Return to Launceston
15.11.2013 25 °C
Sunday morning turned out to be a day of beautiful weather in Launceston. We left our camp at Chain of Lagoons the day before as we were running low on power and the weather had taken a turn for worse with constant showers and being cold and wet.
We were due to return to Launceston the day after as Colleen had a dental appointment on the Tuesday and we both wanted to help Paul with preparing his house for sale .A few solid days with "karchering" the house and pathways and being quite brutal in terms of culling excess furniture and the property looked a real treat.
We did have a little time to admire the many beautiful examples of early 1800s architecture around Launceston. Launceston is located on the beautiful Tamar River in northern Tasmania. It's the third oldest city in Australia and has retained much of it stunning architectural heritage.
Anaethetist - Dr William Pugh, first person to use anaesthetics in the Southern Hemisphere.
William Russ Pugh (1805-1897), medical practitioner, arrived in Hobart Town in the Derwent in December 1835, and reputedly walked soon after to Launceston, where the following May he married a fellow passenger Cornelia Ann, the daughter of G. A. Kirton, a London solicitor.
William Russ Pugh was credited with administering the first surgical anaesthetic in the southern hemisphere. Pugh received instruction in Edinburgh and Dublin, and in 1835 set up practice in Launceston. An enthusiastic experimenter, he produced coal gas to light his house, and the ether for his anaesthetics. On 7 June 1847 he performed two operations at St John's Hospital, removing a tumour from a woman's jaw and cataracts from a man, under ether anaesthesia. That day he wrote an account of the procedures for the Australian Medical Journal.
The picture below show Dr Pugh's former residence.
Boag's Brewery (J. Boag & Son) is an Australian brewery company founded in 1883 by James Boag and his son, also named James, in Launceston, Tasmania. It is now owned by Lion Nathan Ltd, a Trans-Tasman subsidiary company of Japanese beverage conglomerate, Kirin. All of the company's beers are produced in Launceston.
Old Post Office
The clock tower is one of the most photographed buildings in the city, and people spoke freely of their affection for it, and its importance to the city.
After the Launceston General Post Office was built in 1889, a group of residents formed The Launceston Clock and Chimes Committee in 1906 to raise funds to extend the tower's height, and install the clock and chimes.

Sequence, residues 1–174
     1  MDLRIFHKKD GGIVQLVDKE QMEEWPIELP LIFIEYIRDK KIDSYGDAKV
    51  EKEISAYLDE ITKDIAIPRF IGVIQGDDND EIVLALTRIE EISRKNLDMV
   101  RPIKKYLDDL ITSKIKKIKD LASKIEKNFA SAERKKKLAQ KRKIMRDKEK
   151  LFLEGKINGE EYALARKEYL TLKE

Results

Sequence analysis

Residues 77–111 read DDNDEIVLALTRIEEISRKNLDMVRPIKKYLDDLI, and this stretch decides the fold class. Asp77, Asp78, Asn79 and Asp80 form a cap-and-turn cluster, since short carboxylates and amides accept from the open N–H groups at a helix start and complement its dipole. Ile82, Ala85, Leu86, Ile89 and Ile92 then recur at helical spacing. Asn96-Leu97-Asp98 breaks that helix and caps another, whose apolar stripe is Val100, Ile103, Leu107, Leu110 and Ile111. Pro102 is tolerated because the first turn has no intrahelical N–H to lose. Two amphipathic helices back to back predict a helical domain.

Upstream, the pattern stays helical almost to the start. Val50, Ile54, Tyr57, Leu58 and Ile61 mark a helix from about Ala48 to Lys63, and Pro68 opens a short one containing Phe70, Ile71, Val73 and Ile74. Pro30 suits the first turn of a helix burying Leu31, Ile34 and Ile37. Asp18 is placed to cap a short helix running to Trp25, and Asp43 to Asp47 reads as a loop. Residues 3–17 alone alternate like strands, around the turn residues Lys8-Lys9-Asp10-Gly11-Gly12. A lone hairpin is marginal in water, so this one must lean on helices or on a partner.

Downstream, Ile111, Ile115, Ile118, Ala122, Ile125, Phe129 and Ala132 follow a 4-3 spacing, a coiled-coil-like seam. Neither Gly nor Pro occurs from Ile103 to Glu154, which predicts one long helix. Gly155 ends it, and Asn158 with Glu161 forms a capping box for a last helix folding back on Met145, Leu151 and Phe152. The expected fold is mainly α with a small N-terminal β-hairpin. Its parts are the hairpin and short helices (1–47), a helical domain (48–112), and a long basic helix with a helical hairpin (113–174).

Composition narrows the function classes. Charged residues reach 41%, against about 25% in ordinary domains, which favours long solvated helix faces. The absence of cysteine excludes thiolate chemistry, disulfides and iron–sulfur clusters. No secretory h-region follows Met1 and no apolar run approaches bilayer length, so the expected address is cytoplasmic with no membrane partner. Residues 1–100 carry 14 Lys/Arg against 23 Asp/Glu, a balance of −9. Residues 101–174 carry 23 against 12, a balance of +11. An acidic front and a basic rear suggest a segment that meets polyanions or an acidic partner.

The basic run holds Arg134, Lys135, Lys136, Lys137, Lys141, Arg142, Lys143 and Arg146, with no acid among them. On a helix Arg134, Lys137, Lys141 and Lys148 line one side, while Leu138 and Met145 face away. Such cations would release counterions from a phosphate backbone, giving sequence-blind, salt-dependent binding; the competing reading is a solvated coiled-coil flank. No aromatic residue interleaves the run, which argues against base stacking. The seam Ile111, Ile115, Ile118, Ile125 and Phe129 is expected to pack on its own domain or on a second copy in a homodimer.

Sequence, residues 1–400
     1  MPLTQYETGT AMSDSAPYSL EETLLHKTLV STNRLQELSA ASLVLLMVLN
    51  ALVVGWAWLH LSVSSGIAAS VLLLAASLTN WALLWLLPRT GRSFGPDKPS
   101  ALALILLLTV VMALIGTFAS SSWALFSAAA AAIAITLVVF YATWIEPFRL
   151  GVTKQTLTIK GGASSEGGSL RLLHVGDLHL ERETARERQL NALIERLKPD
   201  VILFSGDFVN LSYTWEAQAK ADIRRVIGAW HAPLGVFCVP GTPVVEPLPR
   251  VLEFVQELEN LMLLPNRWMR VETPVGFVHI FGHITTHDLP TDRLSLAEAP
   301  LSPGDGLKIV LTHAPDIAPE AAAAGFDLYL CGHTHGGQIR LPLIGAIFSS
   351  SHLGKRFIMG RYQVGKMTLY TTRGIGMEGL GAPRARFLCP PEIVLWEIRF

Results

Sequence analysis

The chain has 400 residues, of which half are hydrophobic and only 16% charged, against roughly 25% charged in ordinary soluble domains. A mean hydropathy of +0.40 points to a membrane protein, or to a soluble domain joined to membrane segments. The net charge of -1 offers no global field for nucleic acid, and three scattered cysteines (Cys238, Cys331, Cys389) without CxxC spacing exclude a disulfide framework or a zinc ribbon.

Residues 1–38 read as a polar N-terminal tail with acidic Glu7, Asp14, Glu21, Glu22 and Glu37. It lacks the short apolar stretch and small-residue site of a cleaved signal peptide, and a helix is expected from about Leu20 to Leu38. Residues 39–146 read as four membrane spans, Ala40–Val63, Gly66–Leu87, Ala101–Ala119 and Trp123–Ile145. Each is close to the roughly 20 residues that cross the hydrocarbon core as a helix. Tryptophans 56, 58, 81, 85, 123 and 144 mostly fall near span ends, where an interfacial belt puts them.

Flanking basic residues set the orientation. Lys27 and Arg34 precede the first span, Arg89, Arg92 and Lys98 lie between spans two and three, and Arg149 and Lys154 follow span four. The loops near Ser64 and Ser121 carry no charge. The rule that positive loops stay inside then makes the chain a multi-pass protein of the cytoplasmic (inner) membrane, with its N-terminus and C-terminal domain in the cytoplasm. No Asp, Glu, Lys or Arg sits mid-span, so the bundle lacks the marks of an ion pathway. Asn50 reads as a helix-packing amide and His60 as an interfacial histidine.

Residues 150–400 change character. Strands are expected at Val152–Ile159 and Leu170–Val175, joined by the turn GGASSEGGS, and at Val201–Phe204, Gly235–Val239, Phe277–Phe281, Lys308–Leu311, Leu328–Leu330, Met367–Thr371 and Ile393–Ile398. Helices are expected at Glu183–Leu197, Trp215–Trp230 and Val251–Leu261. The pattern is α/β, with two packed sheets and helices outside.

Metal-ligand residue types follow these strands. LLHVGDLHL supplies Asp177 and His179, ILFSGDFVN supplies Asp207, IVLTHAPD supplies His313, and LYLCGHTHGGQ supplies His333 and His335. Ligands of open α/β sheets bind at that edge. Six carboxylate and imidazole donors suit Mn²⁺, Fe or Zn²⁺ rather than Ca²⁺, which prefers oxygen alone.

Central Launceston has many old buildings, in particular bank buildings, which have been given a new lease of life as commercial premises.
Albert Hall and the Gatekeepers Cottage
The Albert Hall is a convention centre in Launceston, Tasmania in the style of high Victorian architecture, first opened as the main structure for the Tasmanian Industrial exhibition which ran from 25 November 1891 to 22 March 1892.
Next to Albert Hall is Kings Bridge Cottage which is nestled on the edge of a 200 million year old dolerite cliff, overlooking the South Esk River. The cottage was built in the 1890s to house the gatekeeper for the Reserve.
The Cataract Gorge Reserve covers 192 hectares and is an inspiring place for tourists, artists, nature lovers and the local community. More than 500,000 people visit the iconic location each year to swim, walk, kayak, dine and relax. It has an abundance of flora and fauna, with 25 threatened flora species and seven threatened fauna species. Amazingly, the Gorge is less than one kilometre from the city centre.
Launceston is located on the beautiful Tamar River in northern Tasmania. It's the third oldest city in Australia and has retained much of it stunning architectural heritage.
The Queen Victoria Museum and Art Gallery (QVMAG) has a part of the museum located at the Inveresk Precinct. Its other site is at Royal Park and when combined it becomes the largest museum in Australia located out of a capital city. It includes a working planetarium and displays related to Launceston's industrial environments and railway workshops.
Friday morning we had finished with tasks in Launceston. We headed north towards Devonport and stopped for an early lunch at the Bakery Café at Elizabeth Town.
We took the Bass highway west along the north coast to Burnie, Wynyard and Stanley. Table Cape is 5km west of Wynyard and is known for the rolling fields of tulips. We saw a few end of season tulips only but the view was worth the visit.
We shad a brief stop at Stanley to take some pictures of The Nut.
We looked at the weather forecasts and it seemed the west coast might have a few days of sunshine so we went to Smithton and then on to Arthur River. We planned to take the gravel road down through the Tarkine but this was not to be. There had been a landslip and the road will be closed for about five months.
We stayed at Peppermint Campground in Arthur River. This was a grassy sheltered place right in the middle of this township. We drove to the Edge of the World Lookout on the southern side of Arthur River. On Saturday morning we booked to take the river cruise on the MV George Robinson.
This morning (Saturday) has been an unbelievably beautiful day starting with a cool morning and some clouds and ending in brilliant sunshine in the mid twenties. We took the Arthur River cruise - five hours up the river including lunch in the Tarkine forest. The Arthur River is pristine as it has never been logged or dammed and the last hot fire to go through was 650 years ago. It is claimed that the Tarkins is the largest remaining Gondwana type forest left in the world.
The Arthur River is very rich in tannins and this brings out beautiful reflections on the mirror like surface.
in the morning we plan to drive back up through Smithton and then to Burnis and down to the middle of the west coast to Strahan for a few days.